UCL logo

UCL Discovery

UCL home » Library Services » Electronic resources » UCL Discovery

Kriminalisierung von Kartellen

Wagner-von Papp, F; (2010) Kriminalisierung von Kartellen. Wirtschaft und Wettbewerb (WuW) , 60 pp. 268-282.

Full text not available from this repository.


The article considers the arguments for and against the introduction of criminal sanctions in Germany for anticompetitive behaviour other than bid-rigging. It comes down in favour of the criminalisation of all horizontal hardcore cartels. The main argument is that criminal sanctions avoid the principal-agent problem that arises when only undertakings are fined, because criminal sanctions have a direct impact on the decision maker. As cartels are rationally premeditated infringements, the preconditions for effective deterrence are good. Criminalisation would alert the public to the social harmfulness of cartels. Criminalisation of hardcore cartels would remove the currently existing abnormality that actions which are socially much less harmful than cartels attract criminal sanctions while cartelists avoid the stigma of criminality. Despite good arguments for criminalisation, due care has to be exercised in the process: In order to avoid a chilling effect, there should be no criminal sanctions for vertical restraints or abuses of dominant positions. Before cartels are criminalised, it is essential that there be automatic immunity from criminal sanctions for leniency applicants that have successfully applied for leniency within the European Competition Network. The cooperation between the Competition Authorities and the public prosecutor should be strengthened, as should be the role of the Competition Authorities in the criminal procedure.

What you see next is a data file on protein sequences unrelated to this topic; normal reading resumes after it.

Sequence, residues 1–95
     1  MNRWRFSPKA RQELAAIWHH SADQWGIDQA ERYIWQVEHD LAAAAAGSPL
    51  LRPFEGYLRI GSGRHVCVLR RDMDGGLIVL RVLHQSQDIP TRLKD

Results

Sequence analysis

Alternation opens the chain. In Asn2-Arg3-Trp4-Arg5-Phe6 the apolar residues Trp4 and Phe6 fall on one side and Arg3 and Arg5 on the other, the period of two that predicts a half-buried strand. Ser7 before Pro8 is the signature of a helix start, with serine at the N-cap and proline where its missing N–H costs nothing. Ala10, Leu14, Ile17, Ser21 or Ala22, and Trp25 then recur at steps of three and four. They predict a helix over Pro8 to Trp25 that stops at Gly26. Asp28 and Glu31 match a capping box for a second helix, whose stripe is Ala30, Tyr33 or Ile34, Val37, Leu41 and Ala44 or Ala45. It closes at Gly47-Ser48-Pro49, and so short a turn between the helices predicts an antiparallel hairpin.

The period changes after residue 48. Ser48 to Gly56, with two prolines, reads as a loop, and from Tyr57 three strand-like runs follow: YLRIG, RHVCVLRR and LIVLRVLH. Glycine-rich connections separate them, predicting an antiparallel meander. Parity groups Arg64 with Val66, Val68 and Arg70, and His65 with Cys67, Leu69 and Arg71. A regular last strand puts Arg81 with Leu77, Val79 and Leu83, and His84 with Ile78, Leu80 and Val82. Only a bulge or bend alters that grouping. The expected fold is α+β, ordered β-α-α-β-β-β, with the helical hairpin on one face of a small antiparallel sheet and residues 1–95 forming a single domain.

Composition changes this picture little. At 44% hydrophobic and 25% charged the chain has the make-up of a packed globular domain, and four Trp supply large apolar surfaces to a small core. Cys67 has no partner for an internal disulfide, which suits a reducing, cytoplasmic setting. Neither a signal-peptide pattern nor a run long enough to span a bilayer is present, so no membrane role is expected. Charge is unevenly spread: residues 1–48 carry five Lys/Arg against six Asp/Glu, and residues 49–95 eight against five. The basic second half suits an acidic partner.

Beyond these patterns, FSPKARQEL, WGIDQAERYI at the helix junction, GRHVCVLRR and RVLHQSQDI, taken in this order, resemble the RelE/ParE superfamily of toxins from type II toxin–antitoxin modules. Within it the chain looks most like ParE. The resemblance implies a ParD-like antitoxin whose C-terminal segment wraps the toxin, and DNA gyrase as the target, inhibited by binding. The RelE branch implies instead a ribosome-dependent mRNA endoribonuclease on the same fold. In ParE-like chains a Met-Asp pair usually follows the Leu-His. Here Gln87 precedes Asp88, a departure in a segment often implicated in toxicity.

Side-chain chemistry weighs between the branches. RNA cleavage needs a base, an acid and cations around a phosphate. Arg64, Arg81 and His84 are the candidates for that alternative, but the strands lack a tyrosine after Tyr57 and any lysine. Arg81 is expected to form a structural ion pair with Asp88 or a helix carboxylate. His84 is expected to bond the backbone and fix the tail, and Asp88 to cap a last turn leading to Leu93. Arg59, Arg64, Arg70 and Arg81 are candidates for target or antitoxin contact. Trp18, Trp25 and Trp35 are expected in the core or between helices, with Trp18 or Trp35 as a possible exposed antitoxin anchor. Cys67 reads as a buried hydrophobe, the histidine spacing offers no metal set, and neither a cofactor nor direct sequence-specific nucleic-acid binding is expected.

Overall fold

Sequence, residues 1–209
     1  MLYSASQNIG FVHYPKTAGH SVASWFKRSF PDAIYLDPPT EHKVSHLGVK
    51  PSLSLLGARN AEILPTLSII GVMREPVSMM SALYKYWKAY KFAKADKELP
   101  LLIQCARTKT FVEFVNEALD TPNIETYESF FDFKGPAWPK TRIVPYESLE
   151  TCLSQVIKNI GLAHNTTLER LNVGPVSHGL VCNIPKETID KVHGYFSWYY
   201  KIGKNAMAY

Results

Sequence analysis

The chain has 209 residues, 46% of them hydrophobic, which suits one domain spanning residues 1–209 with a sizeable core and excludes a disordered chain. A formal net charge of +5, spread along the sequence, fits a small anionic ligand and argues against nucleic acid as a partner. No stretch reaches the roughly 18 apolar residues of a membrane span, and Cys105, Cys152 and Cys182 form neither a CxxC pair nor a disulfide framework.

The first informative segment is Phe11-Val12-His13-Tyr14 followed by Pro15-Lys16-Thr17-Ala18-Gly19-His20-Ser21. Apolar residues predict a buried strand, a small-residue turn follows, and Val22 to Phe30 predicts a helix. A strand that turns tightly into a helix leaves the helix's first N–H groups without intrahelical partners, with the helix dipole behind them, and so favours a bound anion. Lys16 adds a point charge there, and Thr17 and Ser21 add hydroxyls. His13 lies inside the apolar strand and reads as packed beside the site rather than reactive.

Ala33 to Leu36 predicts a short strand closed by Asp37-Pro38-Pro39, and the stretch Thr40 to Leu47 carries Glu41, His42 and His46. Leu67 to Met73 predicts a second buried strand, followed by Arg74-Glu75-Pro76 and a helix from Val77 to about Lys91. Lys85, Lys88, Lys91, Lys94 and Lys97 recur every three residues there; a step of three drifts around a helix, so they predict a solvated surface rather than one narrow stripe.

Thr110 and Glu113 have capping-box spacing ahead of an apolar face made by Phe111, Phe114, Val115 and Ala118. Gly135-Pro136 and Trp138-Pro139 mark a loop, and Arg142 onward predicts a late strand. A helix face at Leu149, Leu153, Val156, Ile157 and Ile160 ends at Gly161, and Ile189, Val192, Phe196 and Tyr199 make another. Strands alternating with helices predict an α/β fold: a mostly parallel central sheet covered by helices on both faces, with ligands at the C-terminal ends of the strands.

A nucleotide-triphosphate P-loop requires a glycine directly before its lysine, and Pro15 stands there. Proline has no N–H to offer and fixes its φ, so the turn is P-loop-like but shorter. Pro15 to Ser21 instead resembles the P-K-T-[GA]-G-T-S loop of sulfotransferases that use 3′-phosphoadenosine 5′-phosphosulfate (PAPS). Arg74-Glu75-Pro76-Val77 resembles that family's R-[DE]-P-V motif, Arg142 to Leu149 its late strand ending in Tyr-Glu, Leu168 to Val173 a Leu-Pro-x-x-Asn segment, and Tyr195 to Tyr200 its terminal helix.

Type: Article
Title: Kriminalisierung von Kartellen
Location: Germany
Publisher version: http://www.wuw-online.de/pswuw/fn/wuw/SH/441c211c5...
Keywords: Competition Law, Criminalisation, Criminal Enforcement
UCL classification: UCL > School of Arts and Social Sciences
UCL > School of Arts and Social Sciences > Faculty of Laws
URI: http://discovery.ucl.ac.uk/id/eprint/153403
Downloads since deposit
Download activity - last month
Download activity - last 12 months
Downloads by country - last 12 months

Archive Staff Only

View Item View Item